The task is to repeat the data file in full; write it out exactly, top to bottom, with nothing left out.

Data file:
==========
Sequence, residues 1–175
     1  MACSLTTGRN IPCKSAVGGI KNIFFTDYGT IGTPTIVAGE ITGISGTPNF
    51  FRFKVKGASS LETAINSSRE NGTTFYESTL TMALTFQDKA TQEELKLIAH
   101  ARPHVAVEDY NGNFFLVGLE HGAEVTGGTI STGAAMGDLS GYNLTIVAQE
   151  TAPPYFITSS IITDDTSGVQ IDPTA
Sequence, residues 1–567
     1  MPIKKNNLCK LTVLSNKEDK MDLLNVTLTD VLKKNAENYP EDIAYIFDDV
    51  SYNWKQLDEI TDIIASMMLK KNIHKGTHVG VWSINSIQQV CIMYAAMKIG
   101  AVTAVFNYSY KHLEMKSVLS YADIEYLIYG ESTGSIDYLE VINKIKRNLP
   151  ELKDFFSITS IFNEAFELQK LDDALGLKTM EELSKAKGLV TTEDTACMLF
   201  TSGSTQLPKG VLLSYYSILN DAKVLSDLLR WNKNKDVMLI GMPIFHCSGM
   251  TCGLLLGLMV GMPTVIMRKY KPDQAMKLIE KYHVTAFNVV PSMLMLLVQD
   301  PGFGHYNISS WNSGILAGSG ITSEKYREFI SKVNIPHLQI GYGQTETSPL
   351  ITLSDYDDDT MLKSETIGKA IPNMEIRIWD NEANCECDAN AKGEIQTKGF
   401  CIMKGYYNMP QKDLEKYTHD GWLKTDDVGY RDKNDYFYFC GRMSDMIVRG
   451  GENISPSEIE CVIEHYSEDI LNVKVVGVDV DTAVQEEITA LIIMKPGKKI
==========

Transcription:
Sequence, residues 1–175
     1  MACSLTTGRN IPCKSAVGGI KNIFFTDYGT IGTPTIVAGE ITGISGTPNF
    51  FRFKVKGASS LETAINSSRE NGTTFYESTL TMALTFQDKA TQEELKLIAH
   101  ARPHVAVEDY NGNFFLVGLE HGAEVTGGTI STGAAMGDLS GYNLTIVAQE
   151  TAPPYFITSS IITDDTSGVQ IDPTA
Sequence, residues 1–567
     1  MPIKKNNLCK LTVLSNKEDK MDLLNVTLTD VLKKNAENYP EDIAYIFDDV
    51  SYNWKQLDEI TDIIASMMLK KNIHKGTHVG VWSINSIQQV CIMYAAMKIG
   101  AVTAVFNYSY KHLEMKSVLS YADIEYLIYG ESTGSIDYLE VINKIKRNLP
   151  ELKDFFSITS IFNEAFELQK LDDALGLKTM EELSKAKGLV TTEDTACMLF
   201  TSGSTQLPKG VLLSYYSILN DAKVLSDLLR WNKNKDVMLI GMPIFHCSGM
   251  TCGLLLGLMV GMPTVIMRKY KPDQAMKLIE KYHVTAFNVV PSMLMLLVQD
   301  PGFGHYNISS WNSGILAGSG ITSEKYREFI SKVNIPHLQI GYGQTETSPL
   351  ITLSDYDDDT MLKSETIGKA IPNMEIRIWD NEANCECDAN AKGEIQTKGF
   401  CIMKGYYNMP QKDLEKYTHD GWLKTDDVGY RDKNDYFYFC GRMSDMIVRG
   451  GENISPSEIE CVIEHYSEDI LNVKVVGVDV DTAVQEEITA LIIMKPGKKI